In an alternate universe Richard Linklater won the Best Director Oscar for his audacious cinematic experiment, Boyhood. It would have been a fine reward for a director whose career is defined by an ability to make films that live and breathe his style. From rotoscope sci-fi nightmare A Scanner Darkly, through to family friendly comedy School of Rock, taking in his seminal Before Trilogy, he has fitted comfortably into several genres. And with Last Flag Flying he has produced a low key, soulful drama that looks back to cinema of the 70s as well as events that shaped the start of the 21st century.
A spiritual sequel to The Last Detail, a film famous as an early Jack Nicholson role, the film tells the story of three former soldiers who reunite to reclaim the body of one of their sons. Along the way it explores the loss of youth and delves into the sense that something has become broken in the American psyche. It is a fascinatingly nuanced exploration of the crisis of confidence that has come to taint the American Dream.
If Last Flag Flying is Linklater’s movie it is aided by a trio of exceedingly good performances. Bryan Cranston has the lion's share of the memorable lines as Sal, and the actor practically devours the scenery around him. It is a fun part for the former Walter White and it is clear he is having the time of hi life. Bringing gravitas to his role, Laurence Fishburne is great as soldier-turned-man of the cloth. And as the final part of the trio Steve Carrell demonstrates, once again, why he has so successfully managed to move away from the comedic roles that defined his early career. It is a touching performance, and could lead to another Oscar nomination for the actor.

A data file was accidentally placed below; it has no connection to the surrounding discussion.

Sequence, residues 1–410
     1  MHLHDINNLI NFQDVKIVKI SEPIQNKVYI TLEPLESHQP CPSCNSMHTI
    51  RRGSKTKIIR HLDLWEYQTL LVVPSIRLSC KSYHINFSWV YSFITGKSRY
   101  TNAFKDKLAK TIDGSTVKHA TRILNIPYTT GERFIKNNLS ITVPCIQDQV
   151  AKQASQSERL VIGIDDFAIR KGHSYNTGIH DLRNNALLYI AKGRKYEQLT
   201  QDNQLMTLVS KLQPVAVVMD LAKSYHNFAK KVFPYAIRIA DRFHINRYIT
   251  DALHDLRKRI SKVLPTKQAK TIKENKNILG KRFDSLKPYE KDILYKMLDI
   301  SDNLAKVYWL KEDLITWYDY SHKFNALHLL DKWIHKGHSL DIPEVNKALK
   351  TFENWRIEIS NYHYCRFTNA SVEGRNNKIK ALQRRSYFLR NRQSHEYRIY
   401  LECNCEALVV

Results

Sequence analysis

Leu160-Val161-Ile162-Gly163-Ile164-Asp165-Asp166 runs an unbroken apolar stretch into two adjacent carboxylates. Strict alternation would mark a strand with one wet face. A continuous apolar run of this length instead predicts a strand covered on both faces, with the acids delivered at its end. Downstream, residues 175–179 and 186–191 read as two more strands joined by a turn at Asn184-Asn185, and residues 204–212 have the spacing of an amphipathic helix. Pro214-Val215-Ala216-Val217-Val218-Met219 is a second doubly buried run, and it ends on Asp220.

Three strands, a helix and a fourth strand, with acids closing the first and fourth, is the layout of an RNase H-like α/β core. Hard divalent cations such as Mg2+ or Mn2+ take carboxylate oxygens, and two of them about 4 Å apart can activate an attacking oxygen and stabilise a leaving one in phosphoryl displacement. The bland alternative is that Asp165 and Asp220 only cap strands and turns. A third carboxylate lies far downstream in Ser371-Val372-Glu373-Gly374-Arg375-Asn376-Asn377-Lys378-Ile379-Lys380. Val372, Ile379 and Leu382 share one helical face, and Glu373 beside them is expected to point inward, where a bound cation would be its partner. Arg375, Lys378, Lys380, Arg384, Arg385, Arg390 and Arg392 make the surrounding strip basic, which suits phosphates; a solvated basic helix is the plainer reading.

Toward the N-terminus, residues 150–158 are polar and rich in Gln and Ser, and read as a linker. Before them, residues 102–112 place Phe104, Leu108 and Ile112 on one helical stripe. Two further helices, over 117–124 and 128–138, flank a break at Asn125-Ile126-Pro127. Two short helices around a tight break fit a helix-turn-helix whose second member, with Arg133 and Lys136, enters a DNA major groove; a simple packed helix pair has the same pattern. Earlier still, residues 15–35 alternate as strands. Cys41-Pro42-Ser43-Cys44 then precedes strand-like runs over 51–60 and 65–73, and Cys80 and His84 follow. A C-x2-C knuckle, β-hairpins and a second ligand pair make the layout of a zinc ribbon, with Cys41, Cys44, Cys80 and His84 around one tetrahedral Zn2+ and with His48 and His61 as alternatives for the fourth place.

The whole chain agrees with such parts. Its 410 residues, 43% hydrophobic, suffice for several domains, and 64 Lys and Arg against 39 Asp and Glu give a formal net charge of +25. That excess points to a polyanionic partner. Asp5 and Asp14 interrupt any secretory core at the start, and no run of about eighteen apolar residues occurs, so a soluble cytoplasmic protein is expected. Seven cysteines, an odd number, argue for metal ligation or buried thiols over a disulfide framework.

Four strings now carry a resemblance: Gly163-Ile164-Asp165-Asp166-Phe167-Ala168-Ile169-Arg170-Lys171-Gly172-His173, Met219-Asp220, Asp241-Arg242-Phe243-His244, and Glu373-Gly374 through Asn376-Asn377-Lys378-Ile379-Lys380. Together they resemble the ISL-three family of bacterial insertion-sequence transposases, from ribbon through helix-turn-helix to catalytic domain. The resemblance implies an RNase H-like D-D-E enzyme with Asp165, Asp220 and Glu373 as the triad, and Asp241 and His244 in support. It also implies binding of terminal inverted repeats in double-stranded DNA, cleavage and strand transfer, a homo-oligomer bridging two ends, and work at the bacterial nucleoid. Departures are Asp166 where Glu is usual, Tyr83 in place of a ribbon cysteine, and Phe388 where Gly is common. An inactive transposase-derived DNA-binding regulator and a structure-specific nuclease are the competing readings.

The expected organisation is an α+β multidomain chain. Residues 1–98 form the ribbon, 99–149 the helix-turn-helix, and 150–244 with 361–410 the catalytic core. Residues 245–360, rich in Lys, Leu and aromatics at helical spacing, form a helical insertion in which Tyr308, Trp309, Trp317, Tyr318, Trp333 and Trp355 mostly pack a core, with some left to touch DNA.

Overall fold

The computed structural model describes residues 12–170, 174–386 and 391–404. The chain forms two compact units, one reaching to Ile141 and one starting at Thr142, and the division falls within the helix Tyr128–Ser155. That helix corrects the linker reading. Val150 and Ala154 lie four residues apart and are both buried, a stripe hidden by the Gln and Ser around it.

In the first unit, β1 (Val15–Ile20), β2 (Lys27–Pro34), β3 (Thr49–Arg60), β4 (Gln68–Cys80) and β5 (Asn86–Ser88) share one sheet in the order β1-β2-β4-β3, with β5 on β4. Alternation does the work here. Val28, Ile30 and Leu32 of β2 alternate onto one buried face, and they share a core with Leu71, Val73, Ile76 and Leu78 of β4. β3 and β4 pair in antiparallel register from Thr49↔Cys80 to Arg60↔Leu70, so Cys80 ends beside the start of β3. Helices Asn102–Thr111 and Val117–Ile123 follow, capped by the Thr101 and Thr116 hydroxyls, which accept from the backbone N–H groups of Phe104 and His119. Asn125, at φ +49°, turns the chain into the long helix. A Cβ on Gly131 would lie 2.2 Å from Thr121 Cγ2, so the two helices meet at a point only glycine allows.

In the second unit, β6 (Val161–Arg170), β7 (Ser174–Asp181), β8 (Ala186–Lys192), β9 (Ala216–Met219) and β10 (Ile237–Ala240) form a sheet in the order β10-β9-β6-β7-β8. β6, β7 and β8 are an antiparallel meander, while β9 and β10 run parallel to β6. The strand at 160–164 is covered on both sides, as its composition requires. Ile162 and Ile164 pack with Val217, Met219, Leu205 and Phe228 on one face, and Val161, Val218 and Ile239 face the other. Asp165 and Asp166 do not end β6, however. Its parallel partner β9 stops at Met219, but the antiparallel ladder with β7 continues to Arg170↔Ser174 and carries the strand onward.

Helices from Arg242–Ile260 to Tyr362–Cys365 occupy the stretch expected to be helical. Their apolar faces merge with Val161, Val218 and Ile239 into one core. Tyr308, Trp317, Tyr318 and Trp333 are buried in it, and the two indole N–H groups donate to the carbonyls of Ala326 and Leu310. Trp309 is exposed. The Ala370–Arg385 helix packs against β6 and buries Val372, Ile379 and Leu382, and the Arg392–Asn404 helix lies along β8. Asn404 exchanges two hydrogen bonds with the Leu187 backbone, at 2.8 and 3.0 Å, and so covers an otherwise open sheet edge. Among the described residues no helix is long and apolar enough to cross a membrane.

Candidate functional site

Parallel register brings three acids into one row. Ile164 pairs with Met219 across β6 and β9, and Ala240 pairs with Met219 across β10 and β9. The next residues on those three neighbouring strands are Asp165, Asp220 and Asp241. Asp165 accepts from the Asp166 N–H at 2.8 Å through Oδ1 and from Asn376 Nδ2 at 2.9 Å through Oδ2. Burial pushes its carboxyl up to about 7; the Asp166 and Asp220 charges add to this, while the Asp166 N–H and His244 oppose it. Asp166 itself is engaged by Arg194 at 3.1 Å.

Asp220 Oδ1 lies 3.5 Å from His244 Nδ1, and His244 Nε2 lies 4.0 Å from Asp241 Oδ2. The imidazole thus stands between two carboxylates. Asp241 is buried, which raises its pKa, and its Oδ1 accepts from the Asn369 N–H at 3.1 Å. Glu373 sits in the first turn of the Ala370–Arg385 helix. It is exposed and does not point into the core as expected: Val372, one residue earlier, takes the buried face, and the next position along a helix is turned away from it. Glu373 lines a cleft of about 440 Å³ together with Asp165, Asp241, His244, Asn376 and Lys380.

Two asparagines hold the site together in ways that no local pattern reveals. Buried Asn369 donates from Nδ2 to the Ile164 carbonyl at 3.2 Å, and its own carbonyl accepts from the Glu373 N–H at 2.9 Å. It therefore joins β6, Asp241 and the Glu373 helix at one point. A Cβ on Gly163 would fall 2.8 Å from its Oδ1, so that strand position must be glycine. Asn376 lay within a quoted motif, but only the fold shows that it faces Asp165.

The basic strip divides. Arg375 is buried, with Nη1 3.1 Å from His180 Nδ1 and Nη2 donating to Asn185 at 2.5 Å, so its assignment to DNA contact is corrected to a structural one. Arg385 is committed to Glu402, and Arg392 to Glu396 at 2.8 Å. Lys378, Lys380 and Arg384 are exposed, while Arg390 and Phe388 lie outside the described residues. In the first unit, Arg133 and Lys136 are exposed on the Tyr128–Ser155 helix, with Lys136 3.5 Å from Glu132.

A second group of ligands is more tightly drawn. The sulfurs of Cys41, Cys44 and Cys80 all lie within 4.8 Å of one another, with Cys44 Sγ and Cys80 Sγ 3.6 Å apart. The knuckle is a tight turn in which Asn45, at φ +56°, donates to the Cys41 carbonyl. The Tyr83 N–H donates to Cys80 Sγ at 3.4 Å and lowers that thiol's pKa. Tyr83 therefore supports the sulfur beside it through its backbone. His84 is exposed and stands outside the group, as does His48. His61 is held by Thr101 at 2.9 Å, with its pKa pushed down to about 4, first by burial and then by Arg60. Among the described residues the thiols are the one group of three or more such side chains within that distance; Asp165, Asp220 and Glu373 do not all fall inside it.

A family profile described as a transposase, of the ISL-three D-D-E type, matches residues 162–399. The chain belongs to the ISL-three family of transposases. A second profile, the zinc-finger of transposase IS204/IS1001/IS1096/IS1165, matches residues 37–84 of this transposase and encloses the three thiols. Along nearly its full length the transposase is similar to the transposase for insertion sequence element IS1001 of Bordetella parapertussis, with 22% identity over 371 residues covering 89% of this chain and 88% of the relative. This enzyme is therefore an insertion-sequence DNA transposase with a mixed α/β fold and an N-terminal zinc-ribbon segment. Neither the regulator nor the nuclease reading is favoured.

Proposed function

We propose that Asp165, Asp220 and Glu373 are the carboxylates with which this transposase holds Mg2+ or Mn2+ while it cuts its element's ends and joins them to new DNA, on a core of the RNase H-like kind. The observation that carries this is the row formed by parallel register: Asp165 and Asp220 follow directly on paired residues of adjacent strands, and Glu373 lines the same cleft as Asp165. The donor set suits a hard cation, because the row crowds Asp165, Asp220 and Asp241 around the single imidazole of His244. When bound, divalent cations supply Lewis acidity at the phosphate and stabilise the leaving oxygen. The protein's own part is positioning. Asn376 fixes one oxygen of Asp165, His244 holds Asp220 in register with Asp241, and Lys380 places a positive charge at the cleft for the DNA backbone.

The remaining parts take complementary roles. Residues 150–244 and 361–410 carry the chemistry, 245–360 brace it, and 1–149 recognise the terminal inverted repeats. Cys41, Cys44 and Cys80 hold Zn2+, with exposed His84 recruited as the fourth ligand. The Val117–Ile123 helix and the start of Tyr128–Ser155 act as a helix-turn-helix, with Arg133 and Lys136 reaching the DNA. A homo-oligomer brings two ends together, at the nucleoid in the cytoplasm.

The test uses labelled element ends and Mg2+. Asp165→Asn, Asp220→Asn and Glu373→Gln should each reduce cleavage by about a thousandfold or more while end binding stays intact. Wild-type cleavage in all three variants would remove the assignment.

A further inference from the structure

The film moves at a slow pace, taking its time to explore the lives of these characters. And with such a strong central trio I, for the most part, tolerated this, even if it does make the film feel overstretched. There is an impact to proceedings, with the film choosing to focus on the themes it raises rather than speeding on to the next incident. It has a vibe that emulates 70s drama, a time capsule. But it also is about the issues affecting
Last Flag Flying isn't quite on the same level as Linklater's finest but is an effective, affecting drama. It's funny, moving, sharply observed and spikily enjoyable, with three very good performances that help elevate this film.
This is a London Film Festival preview and Last Flag Flying will be released at a later date.